[David Robertson ministers at St. Peters Free Church in Dundee Scotland and is associate director of the Solas Centre for Public Christianity.]
(I have been asked so much about my article Is Jordan Peterson the New Messiah? on and the book that I decided to forego The Great Deception – Part 1 for this week and write a full review of 12 Rules for Life, complete with quotes so that you can judge for yourselves – Peterson is not a preacher but there are enough quotes here to keep a preacher happy for many sermons! of course reading the book is better. The following is my review from a Christian perspective. I have to say it is a long time since I have been so excited about a book!)..
VIDEO: Bishop Barron provides his comments on the Jordan Peterson phenomenon and his book ’12 Rules for Life’
12 Rules for Life: An Antidote to Chaos is already a bestseller and deservedly so. No. 1 on Australian Amazon, no. 3 in the UK, no.1 in the US…..I found it challenging, stimulating and frustrating. It is a wonderful mix of psychology, theology, history, narrative and social philosophy from someone who is clearly influenced by Nietzsche, Dostoevsky, Freud, Jung and, above all, the Bible.
I want to briefly review each of the chapters – but first to make some general comments. The book is well written and the highest complement of all is simply that it is one of the few books I found to be unputdownable! I also stopped highlighting passages because there were so many. The chapters are a bit uneven, and at times from my perspective, quite frustrating. It was as though we entered into a conversation and then just as it got interesting – we stopped! Peterson’s great forte is his ability to analyse the problem. His weakness is his solutions, which largely only go part of the way. I was left saying ‘Yes, but’ a lot! However if there is a more stimulating thinker and writer in the secular world, I have yet to meet them! (In the Christian world I would suggest that Os Guinness and Tim Keller are on the same wavelength and have the same abilities as Peterson). Nevertheless as Dr Norman Doidge says in the introduction about Peterson: “People have kept listening because what he is saying meets a deep and unarticulated need.”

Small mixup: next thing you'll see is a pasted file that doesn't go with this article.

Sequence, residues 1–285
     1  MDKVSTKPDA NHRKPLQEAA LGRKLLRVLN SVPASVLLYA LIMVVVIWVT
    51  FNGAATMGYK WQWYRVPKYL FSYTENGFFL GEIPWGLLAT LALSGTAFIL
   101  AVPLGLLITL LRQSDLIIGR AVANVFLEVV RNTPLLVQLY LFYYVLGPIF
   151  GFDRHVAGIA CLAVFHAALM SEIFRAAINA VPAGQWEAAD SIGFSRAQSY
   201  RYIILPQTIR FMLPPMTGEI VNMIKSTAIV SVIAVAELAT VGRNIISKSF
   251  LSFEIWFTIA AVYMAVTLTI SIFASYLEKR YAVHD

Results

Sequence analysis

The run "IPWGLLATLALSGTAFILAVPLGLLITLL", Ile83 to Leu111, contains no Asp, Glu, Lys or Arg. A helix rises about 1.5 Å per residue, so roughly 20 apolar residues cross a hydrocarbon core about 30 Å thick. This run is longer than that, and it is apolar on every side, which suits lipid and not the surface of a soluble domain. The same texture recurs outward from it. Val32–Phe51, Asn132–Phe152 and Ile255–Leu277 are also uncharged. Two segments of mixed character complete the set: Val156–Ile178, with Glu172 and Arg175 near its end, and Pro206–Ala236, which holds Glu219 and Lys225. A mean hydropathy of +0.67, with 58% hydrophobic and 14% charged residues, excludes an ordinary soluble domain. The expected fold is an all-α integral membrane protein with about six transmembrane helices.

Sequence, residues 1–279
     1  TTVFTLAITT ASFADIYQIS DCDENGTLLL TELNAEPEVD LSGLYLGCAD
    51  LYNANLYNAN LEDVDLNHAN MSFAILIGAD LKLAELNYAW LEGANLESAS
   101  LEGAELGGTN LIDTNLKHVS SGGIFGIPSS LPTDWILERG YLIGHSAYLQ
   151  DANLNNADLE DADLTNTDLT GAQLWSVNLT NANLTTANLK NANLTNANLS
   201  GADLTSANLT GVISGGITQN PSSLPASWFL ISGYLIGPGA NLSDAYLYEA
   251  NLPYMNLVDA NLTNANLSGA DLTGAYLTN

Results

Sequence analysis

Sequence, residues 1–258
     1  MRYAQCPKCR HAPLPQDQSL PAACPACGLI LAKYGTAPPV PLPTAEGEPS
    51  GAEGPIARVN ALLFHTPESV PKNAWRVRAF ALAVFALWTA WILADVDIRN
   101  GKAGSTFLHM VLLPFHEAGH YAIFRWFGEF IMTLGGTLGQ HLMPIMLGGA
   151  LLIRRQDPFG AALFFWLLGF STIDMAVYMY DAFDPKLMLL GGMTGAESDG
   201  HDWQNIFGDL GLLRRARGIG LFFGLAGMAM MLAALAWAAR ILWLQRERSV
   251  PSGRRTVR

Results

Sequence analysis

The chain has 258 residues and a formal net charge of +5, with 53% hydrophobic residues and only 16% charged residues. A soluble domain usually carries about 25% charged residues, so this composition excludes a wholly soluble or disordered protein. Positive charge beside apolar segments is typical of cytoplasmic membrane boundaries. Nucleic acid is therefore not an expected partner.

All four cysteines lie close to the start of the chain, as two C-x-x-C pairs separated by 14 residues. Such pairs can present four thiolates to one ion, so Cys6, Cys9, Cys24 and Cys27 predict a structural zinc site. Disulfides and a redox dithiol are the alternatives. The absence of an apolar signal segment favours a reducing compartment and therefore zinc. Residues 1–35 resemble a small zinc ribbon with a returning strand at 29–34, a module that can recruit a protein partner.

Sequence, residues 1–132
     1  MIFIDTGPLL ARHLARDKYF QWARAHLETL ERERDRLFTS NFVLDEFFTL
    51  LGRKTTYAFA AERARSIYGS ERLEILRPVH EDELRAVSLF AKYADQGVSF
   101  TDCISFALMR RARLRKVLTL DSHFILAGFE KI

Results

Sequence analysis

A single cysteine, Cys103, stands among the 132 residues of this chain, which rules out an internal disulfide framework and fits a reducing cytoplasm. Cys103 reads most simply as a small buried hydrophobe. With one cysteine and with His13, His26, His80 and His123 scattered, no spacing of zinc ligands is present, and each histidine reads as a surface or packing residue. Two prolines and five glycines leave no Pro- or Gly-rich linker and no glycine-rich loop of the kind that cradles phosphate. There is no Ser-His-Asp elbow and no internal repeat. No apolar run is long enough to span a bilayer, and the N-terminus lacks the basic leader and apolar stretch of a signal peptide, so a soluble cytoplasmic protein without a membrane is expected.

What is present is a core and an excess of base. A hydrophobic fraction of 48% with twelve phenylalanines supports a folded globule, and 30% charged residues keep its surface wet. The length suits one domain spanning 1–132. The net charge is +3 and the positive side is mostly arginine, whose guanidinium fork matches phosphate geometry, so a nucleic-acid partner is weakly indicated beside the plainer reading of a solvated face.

Each of the rules is a chapter – so lets have a brief look at each of them.
in his own introduction Peterson sets up the whole book nicely, by giving us an explanation of how it came to be. It’s clear that the Bible, Milton’s Paradise Lost, Goethe’s Faust and Dante’s Inferno as well as his fascination with the Cold War and totalitarian states; along with Nietzsche, Dostoevsky and Jung are the background to this work. There is one stunning quote that took my breath away!
“I knew that the cross was simultaneously, the point of greatest suffering, the point of death and transformation, and the symbolic centre of the world”.
This is the lobster chapter in which Peterson talks about nature and territory, the neurochemistry of defeat and victory, the principle of unequal distribution; and most fascinatingly of all, the nature of nature. He is basically suggesting that we have to rise up and take responsibility for ourselves.
“To stand up straight with your shoulders back is to accept the terrible responsibility of life”
Overall this was the most disappointing chapter. I felt it lacked humility, was too based on evolutionary psychology (I have no intention of looking at the ‘350 million year old lobster’ for inspiration), and was completely missing any real concept of sin.
Here Peterson delves into the Creation story of the Bible. In particular he is interested in the concept of chaos, out of which order came. He holds to the notion of Being, and of male and female, parent and child, being fundamentally part of our being (not just a social construct). There is a duality between the order we inhabit and the chaos that surrounds it. He then gets the idea of sin – the snake within.
“ The worst of all possible snakes is the eternal human proclivity for evil. The worst of all possible snakes is psychological, spiritual, personal, internal. No wall, however tall, will keep that out”
He then goes on to look at the idea of nakedness, good and evil and especially the human capacity for wrongdoing. There is no ‘humans are basically good’ here. He asks what is to be done – and speaks of Christ’s death as an example of how to sacrifice ourselves to God. His solution is that we copy Christ’s example and try to make the world more like heaven than hell. It is a fascinating chapter but at the end of the day it is just moralistic, therapeutic deism. The problem is identified – the solution doesn’t work!
This article continues at [TheWeaFlee Blog] 12 Rules for Life – A Christian Perspective